6 Ways to Savor Winter Kumquats

Food Lists Kumquats
6 Ways to Savor Winter Kumquats

In the days leading up to Lunar New Year, kumquat and calamondin trees fill the windows of shops in Philadelphia’s Chinatown. Bright and citrus-scented, the evergreen plants are considered to be auspicious, a symbol of wealth and good fortune. Thankfully, given that the petit orange fruit is uniquely delicious, their use also goes beyond the ornamental. Candied kumquats — crafted from the tiniest of citrus plants — have pride of place during holiday gatherings.

Well…pseudo-citrus, anyway. In actuality, that’s not quite correct. Though a member of the botanical citrus family (rutaceae), kumquats landed their own genus back in 1915: fortunella. As it happens, that was in honor of the London Horticultural Society collector who introduced the diminutive fruit to Europe in 1848, Robert Fortune. Still, the word retains an auspicious ring.

In a way, it’s part of the fruit’s etymological DNA. In Cantonese, “gam gwat” translates to “golden orange,” the latter word sounding like the Cantonese for “good luck” and the former being the word for “gold.” From the green leaves to the golden hue, symbolism abounds.

Believed to be native to China, kumquats were first described in Chinese literature in 1178 A.D. They emerge at the market come winter, a point of brightness when the weather gets dreary. Best of all, they can eaten whole, peel and all, and there is even a twist: the juice and pulp is distinctly sour, while the rind is softly sweet.

Seasonally available from November through March, kumquats are an indulgence worth seeking. They can also be a bit elusive, depending on where you live. So if you see them, hoard them. While writing this story, I cooked through my first batch and ended up engaged in a long, kumquat-seeking adventure that absorbed the better part of an afternoon.

If you’re like me, you’ll probably find yourself eating them by the handful, perhaps rolling them in your hand first to release the essential oils in the rind. But leave room to experiment. From cocktails and candies to savory stir-fries, there’s more than one way to savor this perfect little fruit.

1. Kumquat Marmalade
kumquat-earl-grey-marmalade-by-jenn-hall.jpgPhoto by Jenn Hall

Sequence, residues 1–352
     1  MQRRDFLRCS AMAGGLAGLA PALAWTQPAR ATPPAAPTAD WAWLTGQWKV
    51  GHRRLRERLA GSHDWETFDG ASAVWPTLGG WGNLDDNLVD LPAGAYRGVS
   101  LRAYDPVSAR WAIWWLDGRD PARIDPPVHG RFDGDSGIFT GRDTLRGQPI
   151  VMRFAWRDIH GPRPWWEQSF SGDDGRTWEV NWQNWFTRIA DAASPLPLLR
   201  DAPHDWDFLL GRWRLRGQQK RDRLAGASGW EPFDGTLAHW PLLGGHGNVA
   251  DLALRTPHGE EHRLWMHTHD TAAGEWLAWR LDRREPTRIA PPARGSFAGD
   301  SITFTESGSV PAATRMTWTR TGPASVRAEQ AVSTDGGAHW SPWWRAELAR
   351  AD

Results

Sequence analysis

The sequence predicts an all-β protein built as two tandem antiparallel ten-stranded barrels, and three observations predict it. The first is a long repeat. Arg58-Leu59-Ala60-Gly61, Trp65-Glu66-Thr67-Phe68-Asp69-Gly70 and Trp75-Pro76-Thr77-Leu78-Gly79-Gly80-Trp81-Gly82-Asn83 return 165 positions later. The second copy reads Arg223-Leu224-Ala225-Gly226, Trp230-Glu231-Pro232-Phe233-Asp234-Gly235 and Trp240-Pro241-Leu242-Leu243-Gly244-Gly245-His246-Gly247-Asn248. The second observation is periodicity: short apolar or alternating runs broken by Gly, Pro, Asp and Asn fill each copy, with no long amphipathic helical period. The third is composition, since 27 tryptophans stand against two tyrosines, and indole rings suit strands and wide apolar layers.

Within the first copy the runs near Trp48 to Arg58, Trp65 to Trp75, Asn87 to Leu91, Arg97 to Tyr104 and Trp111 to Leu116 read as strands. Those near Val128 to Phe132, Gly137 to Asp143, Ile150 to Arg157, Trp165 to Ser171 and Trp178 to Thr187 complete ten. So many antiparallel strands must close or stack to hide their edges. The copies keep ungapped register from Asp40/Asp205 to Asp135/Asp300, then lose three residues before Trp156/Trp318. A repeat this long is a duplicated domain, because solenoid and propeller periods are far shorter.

If you were to play a word association game, the most common response to “kumquat” might be marmalade. Given their flavor profile, kumquats melt down into a tart-sweet jam beautifully. That being said, it’s most fun if you play with the flavor profiles, as in this Kumquat Earl Grey marmalade from Elizabeth Field. My advice: add a few lemons to really achieve that teatime vibe.

2. Kumquat Vodka / Kumquat-Ginger Simple Syrup
When the clock strikes five, break out the kumquats. There are all kinds of ways to amp up cocktails with a sweet-tart kick. If you’re a planner, infused vodka or gin is the way to go. It’s simple: toss three ounces of kumquats into two cups of booze. Cover, and then let it hang for two days to a week, shaking daily. When you’re happy with the infusion, strain and store. Don’t want to wait? Make kumquat ginger simple syrup like the duo from Nerds with Knives, and then use it in your next gin or bourbon cocktail. Bonus: mocktail fans will love the syrup too.

3. Kumquat salsa
kumquat-salsa-by-jenn-hall.jpgPhoto by Jenn Hall
Moving on from the sweet, kumquat salsa brings heat to taco Tuesday. This little number from Elise Bauer is almost too pretty to eat…almost. Intriguing is how the kumquat stands in for both tomato and citrus, and it rounds out a healthy pairing with seafood or lean steak.

4. Kumquat pork stir-fry
Pork and orange travel together often in the realm of stir-fries, but kumquats work well too. Swap them out freestyle or follow along with this recipe that pairs the fruit with hoisin and oyster sauce. They also do well alongside other vegetables in a pork or beef roast.

5. Traditional candied kumquats
candied-kumquats-2-by-jenn-hall.jpgPhoto by Jenn Hall
In the Time-Life Foods of the Word edition on China, circa 1968, kumquats are described as “a little citrus like a doll’s-house orange.” That somehow seems particularly apt when it comes to the candied variety. In terms of method, there are a number of routes you can take. The kumquats found on New Year tables take several days to prepare, as in this recipe from the blog The Hong Kong Cookery. On the other end of the spectrum, it’s perfectly possible to candy in just a few hours, like Aida Mollenkamp does. The main difference will be textural, the fast-track version edging more towards marmalade.

6. Super-traditional preserved kumquats
preserving-kumquats-by-jenn-hall.jpgPhoto by Jenn Hall
Like preserved lemons? You’ll love preserved kumquats, which can be swapped out in your next tagine. Salted kumquats are also used as a sore-throat remedy, boiled into a tea with lots of honey as shown in this video from Steamy Kitchen.

Jenn Hall writes about food and culture from a Jersey-side suburb of Philly. Follow along on Instagram and Twitter @jennsarahhall.

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